Psychotherapy can help a person overcome the effects of trauma and reclaim their own sense of self-worth.  Therapy can also help a survivor develop new coping skills so that they can successfully manage relationships and the normal stressors of life.      

Common side effects of sexual abuse trauma

  • Crying during or after sex.  
  • Desire to change one’s name.
  • Avoidance of mirrors.
  • Feel dirty, damaged, diseased, and/or different.
  • Strong compulsions around particular sex acts.
  • Feeling betrayed by one’s own body.
  • Easier to have sex with someone you don’t know than to have sex with someone you are intimate with.
  • Feeling crazy or fear of going crazy.
  • Blocking out a period of one’s life, especially before age 12.
  • Unexplained body sensations (i.e. sharp pains in the stomach area, feeling like the skin is crawling, etc.)
  • Fear of being alone in the dark.
  • Nightmares.
  • Repression of memories.
  • Pattern of being a victim.
  • Swallowing or gagging sensitivity.
  • Self-harming behavior such as cutting.  Some survivors cut for years, especially around the inner thighs or genital regions.
  • Feeling alienated from one’s own body.
  • Trust issues.
  • Boundary issues.
  • Feeling emotionally numb.
  • Dissociation.
  • Suicidal thoughts and/or attempts.
  • Substance abuse or other addictions.  
  • Eating disorders.
  • Feelings of guilt and shame.
  • Fear of being trapped or closed in.


How to Build Resilience and Overcome the Effects of Childhood Sexual Abuse

Incest and sexual abuse do not have to define your life.  The abuse may have happened to you, but it is not who you are.  You can heal the trauma and reclaim your life.  Below are some steps to take to begin the process of recovery.

Heal the pain from the past – Most survivors carry a lot of pain from past trauma.  It is often helpful to work through this pain rather than keep it locked away inside.  Remember that if you can live through the trauma, you can certainly live through the healing of this trauma.   

Change your self-perceptions – It is important to realize that a survivor’s self-perceptions are distorted because of the trauma.  When your trust is betrayed and you get blamed for being abused, it takes a toll on your view of yourself.  To overcome the abuse, you have to realize that you are a survivor of the abuse, not the cause.

Reconnect mind and body – Many survivors feel like their minds and body are disconnected.  Learn to pay attention to your thoughts, feelings, perceptions, and body sensations.  The more aware you are, the better decisions you will make.  

Learn to trust yourself again – Because many survivors learn to dissociate, they frequently quit trusting their own perceptions.  Learn to trust your own instincts, they will serve you well.

Learn to manage the intensity of your emotions – Survivors are often left with intense feelings that are disconnected from the memories of the abuse.  These intense feelings often get triggered by events in the present.  A survivor’s feelings may match the current situation, but the intensity may not.  Learn to manage the intensity of your feelings without impulsively acting on them.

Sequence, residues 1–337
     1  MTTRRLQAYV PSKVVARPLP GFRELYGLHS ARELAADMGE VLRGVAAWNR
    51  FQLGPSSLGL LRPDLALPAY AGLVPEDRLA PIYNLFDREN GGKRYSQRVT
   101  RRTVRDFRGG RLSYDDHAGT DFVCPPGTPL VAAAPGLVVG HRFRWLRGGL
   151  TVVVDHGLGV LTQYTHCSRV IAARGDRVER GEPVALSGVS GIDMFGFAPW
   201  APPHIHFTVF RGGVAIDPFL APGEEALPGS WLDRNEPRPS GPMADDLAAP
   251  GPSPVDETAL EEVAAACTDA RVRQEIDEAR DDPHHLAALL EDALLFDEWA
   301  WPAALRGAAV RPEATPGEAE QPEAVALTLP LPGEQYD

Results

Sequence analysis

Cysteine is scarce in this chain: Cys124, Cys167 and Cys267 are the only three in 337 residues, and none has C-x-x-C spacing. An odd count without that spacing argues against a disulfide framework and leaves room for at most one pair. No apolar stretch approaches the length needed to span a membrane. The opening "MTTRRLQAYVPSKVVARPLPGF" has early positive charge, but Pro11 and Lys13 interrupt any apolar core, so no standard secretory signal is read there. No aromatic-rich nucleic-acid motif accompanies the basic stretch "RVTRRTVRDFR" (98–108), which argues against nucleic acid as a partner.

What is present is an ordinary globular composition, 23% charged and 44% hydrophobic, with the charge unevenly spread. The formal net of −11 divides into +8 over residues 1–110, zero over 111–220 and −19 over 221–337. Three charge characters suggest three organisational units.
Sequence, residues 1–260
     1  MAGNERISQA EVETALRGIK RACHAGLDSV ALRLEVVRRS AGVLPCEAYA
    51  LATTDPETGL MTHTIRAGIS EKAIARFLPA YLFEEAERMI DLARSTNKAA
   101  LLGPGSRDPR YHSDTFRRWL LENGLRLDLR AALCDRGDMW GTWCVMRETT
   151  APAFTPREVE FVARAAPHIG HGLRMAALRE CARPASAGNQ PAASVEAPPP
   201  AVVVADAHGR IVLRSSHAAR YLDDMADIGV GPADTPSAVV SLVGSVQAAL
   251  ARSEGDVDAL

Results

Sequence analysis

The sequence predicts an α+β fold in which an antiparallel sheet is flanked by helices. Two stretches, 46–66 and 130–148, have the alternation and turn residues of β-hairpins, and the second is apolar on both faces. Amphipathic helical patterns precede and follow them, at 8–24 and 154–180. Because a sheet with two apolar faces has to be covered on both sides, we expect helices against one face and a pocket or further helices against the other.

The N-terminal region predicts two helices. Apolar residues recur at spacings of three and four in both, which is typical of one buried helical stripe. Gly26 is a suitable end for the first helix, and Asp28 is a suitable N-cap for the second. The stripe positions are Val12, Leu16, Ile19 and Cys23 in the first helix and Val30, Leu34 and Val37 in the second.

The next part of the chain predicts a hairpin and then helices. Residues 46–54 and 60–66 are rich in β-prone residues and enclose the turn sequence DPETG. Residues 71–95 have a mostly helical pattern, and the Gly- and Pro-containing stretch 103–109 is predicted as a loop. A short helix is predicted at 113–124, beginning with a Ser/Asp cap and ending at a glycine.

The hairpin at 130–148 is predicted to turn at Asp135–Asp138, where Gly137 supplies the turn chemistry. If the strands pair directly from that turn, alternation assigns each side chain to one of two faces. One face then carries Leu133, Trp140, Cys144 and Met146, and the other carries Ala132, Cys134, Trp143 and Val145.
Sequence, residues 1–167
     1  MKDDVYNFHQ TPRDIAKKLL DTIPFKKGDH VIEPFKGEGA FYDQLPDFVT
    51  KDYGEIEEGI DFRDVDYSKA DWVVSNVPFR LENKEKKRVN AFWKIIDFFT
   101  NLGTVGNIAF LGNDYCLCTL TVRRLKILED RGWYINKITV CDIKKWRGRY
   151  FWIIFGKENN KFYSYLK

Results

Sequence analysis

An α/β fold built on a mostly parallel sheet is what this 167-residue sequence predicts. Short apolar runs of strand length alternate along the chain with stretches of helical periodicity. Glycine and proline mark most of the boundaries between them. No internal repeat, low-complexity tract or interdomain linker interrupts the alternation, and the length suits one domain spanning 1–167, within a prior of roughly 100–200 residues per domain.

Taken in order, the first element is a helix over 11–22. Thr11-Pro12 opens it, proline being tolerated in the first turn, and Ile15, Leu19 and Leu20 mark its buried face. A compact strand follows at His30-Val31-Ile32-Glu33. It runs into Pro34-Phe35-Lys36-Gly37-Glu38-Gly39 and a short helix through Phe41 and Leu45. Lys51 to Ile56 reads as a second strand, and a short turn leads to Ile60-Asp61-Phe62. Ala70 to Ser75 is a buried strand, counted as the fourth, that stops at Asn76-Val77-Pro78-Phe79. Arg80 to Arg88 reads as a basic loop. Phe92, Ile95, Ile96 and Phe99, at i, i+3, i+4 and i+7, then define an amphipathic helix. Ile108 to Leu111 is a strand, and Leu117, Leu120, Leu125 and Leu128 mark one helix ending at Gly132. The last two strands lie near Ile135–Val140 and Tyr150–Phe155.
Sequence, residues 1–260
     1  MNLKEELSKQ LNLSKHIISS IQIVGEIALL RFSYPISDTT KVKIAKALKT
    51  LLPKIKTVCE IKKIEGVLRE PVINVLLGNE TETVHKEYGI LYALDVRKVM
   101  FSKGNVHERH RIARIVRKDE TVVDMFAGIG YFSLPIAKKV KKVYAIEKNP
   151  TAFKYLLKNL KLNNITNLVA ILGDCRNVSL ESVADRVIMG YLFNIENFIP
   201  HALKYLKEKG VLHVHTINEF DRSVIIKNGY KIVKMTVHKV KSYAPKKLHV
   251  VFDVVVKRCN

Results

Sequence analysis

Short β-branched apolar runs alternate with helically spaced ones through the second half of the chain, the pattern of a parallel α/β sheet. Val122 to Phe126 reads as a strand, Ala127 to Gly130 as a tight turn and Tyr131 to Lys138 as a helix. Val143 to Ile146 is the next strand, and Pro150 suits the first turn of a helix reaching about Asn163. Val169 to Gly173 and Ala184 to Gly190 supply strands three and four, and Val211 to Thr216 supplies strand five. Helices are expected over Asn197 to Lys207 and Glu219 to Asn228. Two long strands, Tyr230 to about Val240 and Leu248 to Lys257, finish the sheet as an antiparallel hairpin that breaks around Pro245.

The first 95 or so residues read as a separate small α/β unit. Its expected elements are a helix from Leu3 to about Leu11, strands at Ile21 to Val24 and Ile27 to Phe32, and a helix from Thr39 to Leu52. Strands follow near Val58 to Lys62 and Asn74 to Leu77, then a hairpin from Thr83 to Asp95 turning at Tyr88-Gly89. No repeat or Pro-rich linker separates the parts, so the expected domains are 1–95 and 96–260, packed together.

Reclaim your own power and let go of the identity of being a victim – You may have been powerless to stop the abuse when you were a child, but you have the power now to make your life what you want it to be.  

Learn to forgive yourself – The abuse was not your fault.  Quit blaming yourself.

Learn to nurture yourself – Set healthy boundaries and be kind and loving toward yourself.  Treat yourself the way you want to be treated, not the way you were treated when you were abused.  

Develop healthy relationships – Healthy relationships provide support, love, respect, and nurturing.  Be kind and respectful to others and expect the same in return from them.  Don’t tolerate the intolerable.  Instead, seek out relationships that build you up rather than tear you down. 

Seek help – You don’t have to do it alone.  Get professional help when needed.

New Dimensions Can Help!

If you or someone you know is experiencing any of the above symptoms or problems, New Dimensions can help. Our team of experienced therapists and psychiatrists can help you overcome these challenges and help you develop the skills you need to thrive. To schedule a complementary assessment or to find out more about our programs, contact us at 1-800-685-9796.

Our affiliate, MHThrive, provides Individual Therapy, Couples and Marriage Counseling, and Family Therapy at our locations in Katy, The Woodlands, and the Clear Lake area of Houston, Texas. We also provide telehealth therapy for anyone who resides within the State of Texas. To schedule an appointment with one of the MHThrive therapists, contact us at 713-477-0333 or visit to learn more.